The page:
He notes that before Verisurf, his team had to interpret page-after-page of 2D drawing dimensions. “We had to rely on people’s ability to visualize 3D measurements from 2D drawings which result in interpretation problems,” Mosse says.

Before assembly, Mosse used his Verisurf solution to measure parts and tooling during fabrication and manufacturing. For example, SpaceX will drive both laser trackers and articulating arms with Verisurf when measuring composite tooling or weld fixtures.

“We inspect these items to the CAD data. In many cases, we will inspect to profile tolerances only.” Mosse says, “We are not drawing free, yet, but like the rest of the aerospace industry we are striving to implement model based definition to achieve its many benefits.”

For SpaceX the most important benefit is time. Model based definitions (MBD) with profile tolerances eliminate the time to document an engineering drawing; reduce the time to create inspection plans and reports; and accelerate identification and resolution of manufacturing issues. With an aggressive schedule and a 25-launch manifest over the next four years, including 12 space station deliveries, every moment counts.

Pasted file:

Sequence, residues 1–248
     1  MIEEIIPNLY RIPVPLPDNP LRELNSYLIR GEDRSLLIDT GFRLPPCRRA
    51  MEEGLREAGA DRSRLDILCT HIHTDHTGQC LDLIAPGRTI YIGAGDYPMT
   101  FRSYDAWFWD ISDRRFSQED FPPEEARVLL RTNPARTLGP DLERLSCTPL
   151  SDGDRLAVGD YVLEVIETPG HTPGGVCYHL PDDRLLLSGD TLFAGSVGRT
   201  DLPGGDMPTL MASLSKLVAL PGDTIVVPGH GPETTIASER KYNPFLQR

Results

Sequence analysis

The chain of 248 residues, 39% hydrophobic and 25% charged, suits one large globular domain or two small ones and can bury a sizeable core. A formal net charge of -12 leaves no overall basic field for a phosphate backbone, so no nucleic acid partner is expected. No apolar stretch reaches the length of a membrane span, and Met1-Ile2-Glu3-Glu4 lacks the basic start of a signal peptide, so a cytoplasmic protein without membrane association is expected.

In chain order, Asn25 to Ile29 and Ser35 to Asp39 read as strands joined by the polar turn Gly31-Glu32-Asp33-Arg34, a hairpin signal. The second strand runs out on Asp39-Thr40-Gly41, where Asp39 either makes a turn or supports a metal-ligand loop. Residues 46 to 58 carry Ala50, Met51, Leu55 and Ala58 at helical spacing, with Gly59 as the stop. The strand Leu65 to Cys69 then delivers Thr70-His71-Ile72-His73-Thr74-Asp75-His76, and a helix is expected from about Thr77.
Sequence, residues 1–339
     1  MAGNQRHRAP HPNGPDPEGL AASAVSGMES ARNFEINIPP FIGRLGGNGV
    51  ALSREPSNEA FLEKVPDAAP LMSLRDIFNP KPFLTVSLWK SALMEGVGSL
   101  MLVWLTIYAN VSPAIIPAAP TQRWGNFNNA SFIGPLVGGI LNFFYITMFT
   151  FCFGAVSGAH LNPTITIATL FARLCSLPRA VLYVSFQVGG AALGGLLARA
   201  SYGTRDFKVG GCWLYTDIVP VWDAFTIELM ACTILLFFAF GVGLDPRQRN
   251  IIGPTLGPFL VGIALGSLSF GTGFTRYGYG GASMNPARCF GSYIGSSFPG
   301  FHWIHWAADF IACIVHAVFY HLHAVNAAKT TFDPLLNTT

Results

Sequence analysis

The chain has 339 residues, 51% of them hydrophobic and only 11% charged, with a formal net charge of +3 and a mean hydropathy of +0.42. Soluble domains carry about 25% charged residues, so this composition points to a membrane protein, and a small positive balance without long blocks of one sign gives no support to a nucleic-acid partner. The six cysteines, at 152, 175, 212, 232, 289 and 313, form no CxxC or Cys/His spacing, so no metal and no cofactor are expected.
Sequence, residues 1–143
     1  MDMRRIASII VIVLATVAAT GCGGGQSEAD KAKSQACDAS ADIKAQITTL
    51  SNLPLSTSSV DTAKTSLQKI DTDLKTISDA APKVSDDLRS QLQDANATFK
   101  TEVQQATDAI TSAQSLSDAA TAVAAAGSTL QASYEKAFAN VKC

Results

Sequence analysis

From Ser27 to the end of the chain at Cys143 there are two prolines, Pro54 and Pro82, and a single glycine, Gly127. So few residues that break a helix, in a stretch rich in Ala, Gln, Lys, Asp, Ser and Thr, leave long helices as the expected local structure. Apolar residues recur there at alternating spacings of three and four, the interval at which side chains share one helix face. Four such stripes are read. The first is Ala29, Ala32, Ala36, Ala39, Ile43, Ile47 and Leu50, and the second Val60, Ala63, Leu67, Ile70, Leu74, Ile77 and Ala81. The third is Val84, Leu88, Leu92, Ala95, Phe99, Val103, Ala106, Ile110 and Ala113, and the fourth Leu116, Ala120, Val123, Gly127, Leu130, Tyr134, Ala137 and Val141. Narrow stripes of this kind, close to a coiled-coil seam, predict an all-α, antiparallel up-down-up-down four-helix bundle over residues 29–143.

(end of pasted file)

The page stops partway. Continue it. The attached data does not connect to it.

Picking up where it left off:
SpaceX’s philosophy for its launch into space is simplicity that yields reliability and savings. To achieve this, it counts on Verisurf. “With Verisurf, we have very quick assurance that we are in the proper 3D space,” concludes Mosse. This, in turn, puts Falcon 9’s launch and Dragon’s orbit in their proper position in space. 

 

1. One of the new Merlin 1D engines that will power the Falcon 9 rocket on future missions is test fired at SpaceX's Rocket Development Facility. 2. SpaceX's Falcon 9 rocket with a Dragon spacecraft rests horizontally in the company's hangar in Cape Canaveral, FL. 3. SpaceX CEO and Chief Designer Elon Musk watches Dragon's progress inside of SpaceX Mission Control in Hawthorne, CA. 4. Artist Rendering of Dragon, with Solar Panels Extending, in Orbit. 5. Engineers work on a Dragon spacecraft at SpaceX Headquarters, a 550,000ft² facility in Hawthorne, CA. 6. The COTS UHF Communications Unit system, shown here prior to delivery to NASA, arrived via the space shuttle to the ISS. The system was installed prior to the approach and berthing on the final COTS mission and will see regular use in support of SpaceX's continuing CRS cargo resupply missions.

 

Space Exploration
Technologies Corp. (SpaceX)
Hawthorne, CA
www.spaceX.com

Verisurf Inc.
Anaheim, CA
www.verisurf.com